Updated: Nov 26, 2021
On October 4, 2020, a major explosion at the Port of Beirut ground import and export operations to a halt. In the wake of the incident, Lebanon’s only other major port, the Port of Tripoli in the north, has served as a lifeline not only for Lebanon, but as a major strategic point for state actors interested in a new maritime installation in the Mediterranean. Chief amongst these actors is the People’s Republic of China, which sees the Port of Tripoli as a potential asset in the reconstruction of neighboring Syria and nearby Iraq.
Strategic Importance of the Port of Tripoli
Beijing has repeatedly offered to assist the Lebanese government in developing its infrastructure, from its two main ports to its power grid. During a conference between officials from PRC’s Ministry of Foreign Affairs (MFA) and Lebanese government representatives in March 2019, Chinese Ambassador to Lebanon Wang Kejian declared, “Chinese companies have visited northern Lebanon and they are ready to take part in infrastructure projects including the expansion of Tripoli Port and Qlayaat Airport in addition to the construction of railways, roads and bridges.”
Specifically, the People’s Republic of China see’s the port as the key to potential reconstruction efforts in Syria. The Port of Tripoli, which is only 35 kilometers from Syria, would serve as a safe, reliable, and effective logistics hub from which to operate from. Raya Haffar El Hassan, the head of the Tripoli Special Economic Zone and former Lebanese finance minister declared in 2019 that Chinese recognition of the port’s importance to Syria came without Lebanese advertisement, “the Chinese saw that even before we did.”
As one of Bashar al-Assad’s only International partners, as well as one of the only remaining nations to maintain an Embassy in Damascus, it is clear that the PRC will be a major player in the reconstruction of Syria following a normalization of the situation on the ground.
Chinese Investments, Moves at the Port of Tripoli
Thus far, the People’s Republic of China Haas taken limited action at the port. According to Intelligence Online, a major international dealmaking monitor, policymakers in Beijing are willing to directly inject and invest $55,000,000 into the facility within the next two years. Furthermore, COSCO Shipping Corporation, a Chinese multinational conglomerate headquartered in Shanghai, is reportedly opening or has opened a major office at the port. This follows the decision of Shanghai Container Shipping Company in 2018 to open a new route to Tripoli.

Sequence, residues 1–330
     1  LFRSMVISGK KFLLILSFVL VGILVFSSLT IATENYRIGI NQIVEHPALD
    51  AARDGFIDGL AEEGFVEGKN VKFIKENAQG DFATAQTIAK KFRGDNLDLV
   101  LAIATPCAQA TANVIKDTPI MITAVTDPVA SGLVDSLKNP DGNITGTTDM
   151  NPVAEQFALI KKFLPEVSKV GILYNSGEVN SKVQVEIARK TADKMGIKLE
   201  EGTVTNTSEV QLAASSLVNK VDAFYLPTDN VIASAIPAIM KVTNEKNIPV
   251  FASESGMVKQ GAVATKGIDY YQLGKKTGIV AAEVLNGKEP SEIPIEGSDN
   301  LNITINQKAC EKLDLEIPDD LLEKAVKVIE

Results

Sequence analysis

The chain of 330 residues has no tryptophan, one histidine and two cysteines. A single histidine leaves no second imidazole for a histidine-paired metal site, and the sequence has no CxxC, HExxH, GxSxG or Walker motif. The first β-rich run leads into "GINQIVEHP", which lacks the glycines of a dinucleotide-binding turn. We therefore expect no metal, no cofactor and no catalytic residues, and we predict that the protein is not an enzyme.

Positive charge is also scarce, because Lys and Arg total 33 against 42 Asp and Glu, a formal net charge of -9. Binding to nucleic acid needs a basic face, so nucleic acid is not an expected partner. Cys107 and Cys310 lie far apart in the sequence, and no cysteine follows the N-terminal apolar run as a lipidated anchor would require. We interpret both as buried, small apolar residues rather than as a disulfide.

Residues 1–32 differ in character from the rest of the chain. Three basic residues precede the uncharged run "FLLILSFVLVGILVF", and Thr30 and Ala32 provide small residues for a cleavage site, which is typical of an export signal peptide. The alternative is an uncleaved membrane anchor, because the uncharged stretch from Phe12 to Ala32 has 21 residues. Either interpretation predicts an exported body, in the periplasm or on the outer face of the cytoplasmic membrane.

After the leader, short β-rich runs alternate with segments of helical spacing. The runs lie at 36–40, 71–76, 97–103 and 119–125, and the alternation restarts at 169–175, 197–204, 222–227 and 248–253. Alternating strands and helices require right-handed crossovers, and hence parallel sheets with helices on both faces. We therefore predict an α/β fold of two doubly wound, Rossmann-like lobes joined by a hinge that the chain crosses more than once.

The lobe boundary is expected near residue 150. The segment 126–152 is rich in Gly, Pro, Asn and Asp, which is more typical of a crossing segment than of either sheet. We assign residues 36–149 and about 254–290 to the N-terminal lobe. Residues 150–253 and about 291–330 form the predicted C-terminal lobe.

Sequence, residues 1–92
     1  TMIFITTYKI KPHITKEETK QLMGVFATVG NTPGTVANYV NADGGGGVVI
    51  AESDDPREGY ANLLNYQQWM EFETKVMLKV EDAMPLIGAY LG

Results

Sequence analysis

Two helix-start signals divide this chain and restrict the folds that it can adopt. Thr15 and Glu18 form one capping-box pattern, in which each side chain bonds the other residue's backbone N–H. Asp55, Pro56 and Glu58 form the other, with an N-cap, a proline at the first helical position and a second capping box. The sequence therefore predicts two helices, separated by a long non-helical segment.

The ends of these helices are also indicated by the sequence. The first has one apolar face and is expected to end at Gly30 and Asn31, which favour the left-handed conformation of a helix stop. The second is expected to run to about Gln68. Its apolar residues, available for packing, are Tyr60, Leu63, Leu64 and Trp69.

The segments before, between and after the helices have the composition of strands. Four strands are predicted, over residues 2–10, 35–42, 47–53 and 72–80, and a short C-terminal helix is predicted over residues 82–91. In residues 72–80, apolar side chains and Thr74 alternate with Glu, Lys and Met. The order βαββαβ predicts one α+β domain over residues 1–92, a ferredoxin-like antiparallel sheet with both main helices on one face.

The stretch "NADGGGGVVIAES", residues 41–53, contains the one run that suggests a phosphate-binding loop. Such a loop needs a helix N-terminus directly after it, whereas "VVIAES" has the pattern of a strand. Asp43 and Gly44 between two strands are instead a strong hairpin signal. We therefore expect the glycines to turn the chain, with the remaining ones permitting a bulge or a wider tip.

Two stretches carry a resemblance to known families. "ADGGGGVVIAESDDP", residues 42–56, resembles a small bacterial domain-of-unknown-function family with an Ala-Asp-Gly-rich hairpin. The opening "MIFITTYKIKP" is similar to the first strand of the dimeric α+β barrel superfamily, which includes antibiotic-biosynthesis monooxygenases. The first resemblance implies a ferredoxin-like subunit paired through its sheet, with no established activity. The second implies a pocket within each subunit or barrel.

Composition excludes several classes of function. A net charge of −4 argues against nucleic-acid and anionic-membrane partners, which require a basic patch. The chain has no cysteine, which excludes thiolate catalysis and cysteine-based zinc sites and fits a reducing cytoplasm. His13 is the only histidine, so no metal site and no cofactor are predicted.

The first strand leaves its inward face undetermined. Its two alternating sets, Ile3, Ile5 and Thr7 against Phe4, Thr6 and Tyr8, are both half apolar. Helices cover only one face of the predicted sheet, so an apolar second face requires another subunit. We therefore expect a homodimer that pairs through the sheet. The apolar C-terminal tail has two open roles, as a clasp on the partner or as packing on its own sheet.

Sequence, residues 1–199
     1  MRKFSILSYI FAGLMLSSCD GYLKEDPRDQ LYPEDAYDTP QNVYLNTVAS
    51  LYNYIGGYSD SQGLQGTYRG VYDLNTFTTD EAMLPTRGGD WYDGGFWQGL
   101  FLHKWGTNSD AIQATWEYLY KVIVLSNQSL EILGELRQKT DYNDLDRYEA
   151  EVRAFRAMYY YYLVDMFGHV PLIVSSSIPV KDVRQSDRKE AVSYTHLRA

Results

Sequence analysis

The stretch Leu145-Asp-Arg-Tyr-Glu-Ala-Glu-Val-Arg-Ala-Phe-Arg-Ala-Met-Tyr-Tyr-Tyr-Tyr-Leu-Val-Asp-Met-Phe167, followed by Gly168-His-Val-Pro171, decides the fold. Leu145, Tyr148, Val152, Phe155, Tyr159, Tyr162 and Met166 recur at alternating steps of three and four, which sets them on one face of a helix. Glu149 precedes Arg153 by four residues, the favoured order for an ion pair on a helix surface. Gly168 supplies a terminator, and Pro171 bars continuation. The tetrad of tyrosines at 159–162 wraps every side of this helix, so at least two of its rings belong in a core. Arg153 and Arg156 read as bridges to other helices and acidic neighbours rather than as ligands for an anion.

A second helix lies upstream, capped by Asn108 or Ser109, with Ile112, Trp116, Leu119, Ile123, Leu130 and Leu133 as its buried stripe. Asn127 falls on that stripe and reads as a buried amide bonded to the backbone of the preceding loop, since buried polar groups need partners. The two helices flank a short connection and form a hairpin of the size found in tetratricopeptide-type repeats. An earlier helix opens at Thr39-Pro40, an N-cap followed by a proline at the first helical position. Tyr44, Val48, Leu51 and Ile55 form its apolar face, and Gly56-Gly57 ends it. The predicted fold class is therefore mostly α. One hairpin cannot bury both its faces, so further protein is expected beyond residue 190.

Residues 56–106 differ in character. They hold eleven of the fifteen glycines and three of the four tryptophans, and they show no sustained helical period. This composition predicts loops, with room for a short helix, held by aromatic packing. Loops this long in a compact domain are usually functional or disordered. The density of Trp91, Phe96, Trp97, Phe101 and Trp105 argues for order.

The People’s Republic of China is sure to continue its strategy of slow, gradual investment in Lebanon’s two major ports: Beirut and Tripoli. Although Beijing will be apprehensive to inject funds into the country given political instability, it recognizes the importance of the area to Chinese strategic interests. Thus, investment at the Port of Tripoli will continue.
The Port of Tripoli is not the first, nor the last, Mediterranean port that the Chinese have, or will, invest in. In fact, Chinese investments and ownership over key maritime points in the region has risen in recent years. Most notable is the Port of Haifa in Israel, which was built and is operated entirely by the Shanghai International Port Group. The decision of policymakers in Jerusalem and Tel Aviv to allow Chinese investment in such an important port drew anger from Washington, as Haifa handles 50% of Israel’s maritime traffic and hosts a major IDF Navy installation. As the Central Intelligence Agency (CIA) noted to American policymakers, allied naval vessels, including those of the United States and French navies, regularly make port calls at this installation. The Israeli’s have also allowed the Chinese to build and develop the Port of Ashdod in Southern Israel. Given Beijing’s inroads in Lebanon and Israel, The Intelligence Ledger assesses that Beijing’s influence will continue to grow in the Mediterranean as the world moves on from a severe pandemic.